Artificial intelligence (AI) has been deployed across multiple industries to increase security, improve productivity or enhance user experiences. 

AI arrived in the cybersecurity space claiming to cyber leaders that it was the solution to detecting and stopping advanced attacks. According to a global survey released in September 2021, just under half of executives think artificial intelligence is the best tool to counter nation-state cyberattacks. 

It’s true that AI technologies can continually learn and improve, generalizing observations from past attacks to discover new malicious behaviors. However, while AI is lathered across almost every marketing campaign involved in promoting cybersecurity products, the promise of AI is generally hollow until the models can meet or exceed human levels of intelligence.

In cybersecurity today, AI is achieving and exceeding human intelligence in limited arenas. Detection of malicious emails and malware represents the most mature capabilities of AI in cybersecurity. Models learn from large amounts of malicious and benign examples to proactively identify and stop new cyberattacks. This capability has exceeded the previous human and rule-driven approaches to detecting these types of attacks.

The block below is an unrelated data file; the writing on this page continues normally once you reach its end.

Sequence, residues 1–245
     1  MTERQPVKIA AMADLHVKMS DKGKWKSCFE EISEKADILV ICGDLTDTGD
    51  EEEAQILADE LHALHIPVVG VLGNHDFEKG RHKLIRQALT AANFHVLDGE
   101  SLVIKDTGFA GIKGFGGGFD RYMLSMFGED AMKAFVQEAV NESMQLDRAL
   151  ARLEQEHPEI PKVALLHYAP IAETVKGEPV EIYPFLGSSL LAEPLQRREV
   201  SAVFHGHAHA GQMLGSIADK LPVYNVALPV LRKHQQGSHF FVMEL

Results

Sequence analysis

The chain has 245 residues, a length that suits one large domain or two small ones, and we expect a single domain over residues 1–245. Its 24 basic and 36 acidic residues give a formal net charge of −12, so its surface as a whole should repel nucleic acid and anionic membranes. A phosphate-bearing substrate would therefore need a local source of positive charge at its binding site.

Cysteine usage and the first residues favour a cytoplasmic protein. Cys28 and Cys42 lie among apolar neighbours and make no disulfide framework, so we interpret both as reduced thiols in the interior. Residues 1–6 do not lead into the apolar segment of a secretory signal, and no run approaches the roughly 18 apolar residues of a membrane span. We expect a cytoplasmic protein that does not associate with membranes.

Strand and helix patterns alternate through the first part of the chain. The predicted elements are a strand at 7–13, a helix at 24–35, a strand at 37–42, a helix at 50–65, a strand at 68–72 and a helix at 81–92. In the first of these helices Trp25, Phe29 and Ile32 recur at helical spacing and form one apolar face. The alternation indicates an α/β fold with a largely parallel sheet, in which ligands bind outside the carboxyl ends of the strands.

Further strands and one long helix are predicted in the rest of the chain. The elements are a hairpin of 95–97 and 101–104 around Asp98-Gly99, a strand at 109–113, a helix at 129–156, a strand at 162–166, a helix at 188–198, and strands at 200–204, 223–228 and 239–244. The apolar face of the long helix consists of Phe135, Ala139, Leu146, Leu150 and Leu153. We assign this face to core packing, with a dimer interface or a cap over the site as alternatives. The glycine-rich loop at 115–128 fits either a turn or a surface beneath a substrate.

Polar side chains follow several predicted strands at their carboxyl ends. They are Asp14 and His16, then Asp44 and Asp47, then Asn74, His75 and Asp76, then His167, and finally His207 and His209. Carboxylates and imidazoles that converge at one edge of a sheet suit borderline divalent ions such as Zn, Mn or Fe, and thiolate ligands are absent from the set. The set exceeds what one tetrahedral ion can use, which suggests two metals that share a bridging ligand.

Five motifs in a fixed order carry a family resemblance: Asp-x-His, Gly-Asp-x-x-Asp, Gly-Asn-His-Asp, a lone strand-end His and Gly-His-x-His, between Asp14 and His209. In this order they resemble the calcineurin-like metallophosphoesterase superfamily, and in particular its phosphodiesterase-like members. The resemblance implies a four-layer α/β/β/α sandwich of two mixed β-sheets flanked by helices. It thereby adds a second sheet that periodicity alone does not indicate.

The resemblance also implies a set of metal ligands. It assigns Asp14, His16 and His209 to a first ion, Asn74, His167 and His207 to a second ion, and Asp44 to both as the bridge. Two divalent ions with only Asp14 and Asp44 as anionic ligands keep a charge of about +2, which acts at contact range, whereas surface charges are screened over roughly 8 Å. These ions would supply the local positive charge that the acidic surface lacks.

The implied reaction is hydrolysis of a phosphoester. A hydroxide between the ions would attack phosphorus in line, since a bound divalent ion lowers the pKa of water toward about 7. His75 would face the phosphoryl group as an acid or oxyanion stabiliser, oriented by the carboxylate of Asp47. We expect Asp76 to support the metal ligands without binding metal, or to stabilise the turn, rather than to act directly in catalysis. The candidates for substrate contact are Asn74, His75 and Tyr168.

Beyond malicious emails and files detection, AI models are also matching human intelligence in detecting sophisticated attacks via obfuscated scripts and information technology (IT) tools. Models, trained on large volumes of human investigations, have the ability to detect novel attacks that go unnoticed by even the most advanced antivirus and endpoint detection and response technologies. 

While there is plenty of hype about the ability of AI to identify behavioral anomalies that indicate complex attacks, these models often still fall short of human capabilities. The output of this AI typically generates too many false positives, limiting the ability of humans to act, and leaving too much risk for automated response or containment. The output of these behavioral detections can be useful to help mature teams process large volumes of data and focus on potential threats, but it has not reached a level of maturity to directly benefit most teams.

Finally, despite the appeal of stories that pitch AI cyberattacks versus AI cyber defense, the reality is that humans are still at the heart of any complicated cyberattack and defensive actions. The tools of attackers are becoming more powerful and can be amplified with AI, but models with human-level creativity and intelligence are still science fiction in cybersecurity today. When evaluating how AI can help protect against sophisticated attacks, the quality of an approach can be judged by how it makes human defenders better — not how it replaces them.